Jill is pulling together the final details of her American Feast in Canada, which requires a snowy trek in search of shell fish. She writes:
The storm has made its way north to Ottawa, with what's hopefully the last gasp of winter. As the snow continues to swirl, I counteract the frosty scene with comforting thoughts of southern sweet potato pie. But before turning to pie, I venture out to pick up groceries for the American feast, including the 8 pounds of clams the recipe I've chosen calls for. In looking at recipes, I've been a bit overwhelmed by the different types of clams. My choice is made easy: there isn’t any. The only clams I can find in Ottawa are littleneck. Most recipes call for cherrystone or quahog, but the smaller littlenecks should be fine. The man behind the counter at the fish store looks at me skeptically and asks several times if I really want 8 pounds, but reluctantly hands them over. I ask where the clams are from, and am told "East coast". I don't inquire any further, so I can maintain the belief that the clams hail from the American East, for a truly authentic New England clam chowder.
Back at home, I steam the clams, producing a briny, faintly herbal broth. The recipe I've selected is simple: salt pork, onions, garlic, celery, bay leaf and thyme, potatoes, cream, and the clams and their broth. In surprisingly little time (with a few interruptions to prevent my cat from devouring the clams), I have a creamy soup, with salty ocean-clam flavours accented by the thyme. Topped off with crunchy bits of salt pork, it's delicious. Perhaps a little thinner than I'd expected, but I'll see how it comes together overnight.
With that completed, I turn to sweet potato pie, a classic southern dish. I refer back to the questions you posed when we first began this project: how did the dish emerge, why were the ingredients important, and how were they characteristic of the region? Well, this dish is a wonderful combination of the old and new worlds, blending the pie-making traditions of Europe with sweet potatoes, a plant indigenous to the Americas. Sweet potatoes were introduced to Europe in the 16th century and there is some evidence they may have been included in pies there in the 1600s. Henry VIII, for example, is said to have eaten sweet potatoes in heavily spiced and sugared pies.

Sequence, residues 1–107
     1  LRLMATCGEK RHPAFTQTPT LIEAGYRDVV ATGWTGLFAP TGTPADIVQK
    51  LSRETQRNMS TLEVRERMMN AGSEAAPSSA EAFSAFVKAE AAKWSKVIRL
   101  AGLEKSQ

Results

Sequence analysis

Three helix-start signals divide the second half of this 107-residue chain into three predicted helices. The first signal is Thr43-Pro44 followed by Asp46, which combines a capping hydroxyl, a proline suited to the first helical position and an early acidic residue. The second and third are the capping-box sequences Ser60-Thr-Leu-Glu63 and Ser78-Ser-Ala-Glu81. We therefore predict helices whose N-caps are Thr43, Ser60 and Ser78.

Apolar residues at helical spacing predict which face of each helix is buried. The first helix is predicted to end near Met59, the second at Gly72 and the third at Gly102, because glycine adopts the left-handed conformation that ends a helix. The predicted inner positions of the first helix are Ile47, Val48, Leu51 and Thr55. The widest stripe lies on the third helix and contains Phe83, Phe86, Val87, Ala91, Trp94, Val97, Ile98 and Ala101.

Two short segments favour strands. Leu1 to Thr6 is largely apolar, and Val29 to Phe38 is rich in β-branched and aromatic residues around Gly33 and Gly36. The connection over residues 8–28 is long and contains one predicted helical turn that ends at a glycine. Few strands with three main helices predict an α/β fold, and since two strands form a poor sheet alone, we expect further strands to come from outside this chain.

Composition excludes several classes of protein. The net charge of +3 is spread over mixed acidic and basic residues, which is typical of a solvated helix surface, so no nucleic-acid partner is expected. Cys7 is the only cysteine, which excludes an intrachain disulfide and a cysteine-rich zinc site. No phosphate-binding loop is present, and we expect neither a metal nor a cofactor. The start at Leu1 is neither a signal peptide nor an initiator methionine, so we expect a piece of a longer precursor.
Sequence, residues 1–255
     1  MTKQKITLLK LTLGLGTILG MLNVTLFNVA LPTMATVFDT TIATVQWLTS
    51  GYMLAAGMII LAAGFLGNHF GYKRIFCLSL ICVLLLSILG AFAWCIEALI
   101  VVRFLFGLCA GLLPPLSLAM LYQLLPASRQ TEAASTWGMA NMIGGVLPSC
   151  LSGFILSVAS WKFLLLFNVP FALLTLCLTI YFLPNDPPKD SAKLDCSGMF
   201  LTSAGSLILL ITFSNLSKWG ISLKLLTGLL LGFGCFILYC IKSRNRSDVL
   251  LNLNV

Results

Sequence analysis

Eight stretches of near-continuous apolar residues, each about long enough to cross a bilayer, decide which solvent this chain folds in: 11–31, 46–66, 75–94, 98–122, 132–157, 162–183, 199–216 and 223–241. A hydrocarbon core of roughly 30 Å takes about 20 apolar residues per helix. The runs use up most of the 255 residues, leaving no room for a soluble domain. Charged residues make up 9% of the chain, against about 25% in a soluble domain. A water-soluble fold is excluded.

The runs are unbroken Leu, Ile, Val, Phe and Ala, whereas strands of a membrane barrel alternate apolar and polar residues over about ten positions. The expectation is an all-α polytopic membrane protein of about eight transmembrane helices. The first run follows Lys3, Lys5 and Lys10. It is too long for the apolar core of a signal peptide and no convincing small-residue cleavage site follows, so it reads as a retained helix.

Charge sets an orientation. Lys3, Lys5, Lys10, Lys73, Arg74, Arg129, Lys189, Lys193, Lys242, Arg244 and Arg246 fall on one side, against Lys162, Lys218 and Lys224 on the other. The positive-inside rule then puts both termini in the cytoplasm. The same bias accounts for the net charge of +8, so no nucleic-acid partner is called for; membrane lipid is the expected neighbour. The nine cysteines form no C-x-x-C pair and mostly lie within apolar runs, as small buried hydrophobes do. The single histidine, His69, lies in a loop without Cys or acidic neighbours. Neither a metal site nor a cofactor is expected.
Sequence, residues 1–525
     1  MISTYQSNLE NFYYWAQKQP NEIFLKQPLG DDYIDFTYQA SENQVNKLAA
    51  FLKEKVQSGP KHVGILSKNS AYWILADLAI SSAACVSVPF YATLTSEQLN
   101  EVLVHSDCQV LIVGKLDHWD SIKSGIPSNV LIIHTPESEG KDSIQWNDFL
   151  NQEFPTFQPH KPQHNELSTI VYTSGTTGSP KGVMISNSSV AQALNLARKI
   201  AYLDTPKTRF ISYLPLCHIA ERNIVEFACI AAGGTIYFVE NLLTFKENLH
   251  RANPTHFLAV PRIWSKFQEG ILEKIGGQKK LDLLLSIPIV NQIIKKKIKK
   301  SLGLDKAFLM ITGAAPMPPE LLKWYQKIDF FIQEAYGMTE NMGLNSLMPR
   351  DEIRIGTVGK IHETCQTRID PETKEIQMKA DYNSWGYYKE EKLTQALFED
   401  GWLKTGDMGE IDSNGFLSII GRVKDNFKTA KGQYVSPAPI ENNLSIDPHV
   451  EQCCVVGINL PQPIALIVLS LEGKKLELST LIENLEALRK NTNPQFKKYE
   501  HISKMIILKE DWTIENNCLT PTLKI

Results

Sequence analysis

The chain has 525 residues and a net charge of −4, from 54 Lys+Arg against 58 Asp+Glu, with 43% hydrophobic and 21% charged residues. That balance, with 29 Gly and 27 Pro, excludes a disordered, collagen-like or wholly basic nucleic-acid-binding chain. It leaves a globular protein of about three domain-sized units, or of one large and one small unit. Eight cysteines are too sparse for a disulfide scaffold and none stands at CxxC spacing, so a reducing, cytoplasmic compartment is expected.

However, there's no doubt about the close association of sweet potatoes with the American south, and particularly, with African-American cuisine. Sweet potatoes have been cultivated in the southern states since the 16th century. Most sources suggest that they became an essential part of the cooking of African slaves in the south due to the sweet potato's similarity to the yam, which was native to Africa. (Sweet potatoes are often called yams, creating confusion, but the two are different vegetables). Many southern sweet potato recipes developed from traditional African cuisine and today, sweet potato pie is considered a cornerstone of African-American soul food.
Sweet potato pie recipes are legion. Most share common features of cooked, mashed sweet potatoes, milk (or cream or evaporated milk), eggs, and spices such as cinnamon and nutmeg. Some are sweetened with white sugar and others with brown sugar or maple syrup. In the early 1900s, marshmallows became trendy, and sweet potato pies were not spared this adornment (nor were other sweet potato dishes, thinking of mashed sweet potatoes with marshmallows). Some pie recipes include a pecan or a meringue topping. I also found (shudder) some low-cal versions.
I decide on a recipe in the New York Times Dessert Cookbook, from the Magnolia Grill in Durham, North Carolina, mostly because I can't resist an ingredient list that include both bourbon and maple syrup, but it also seems fitting since I once lived in Durham. Now to see if the recipes tastes as good as it reads.
Meanwhile, back in the states, my Canadian Butter Tarts manage to survive a near kitchen disaster and after sampling one I can confirm they are more than edible. The cross continental culinary feast is straight ahead!
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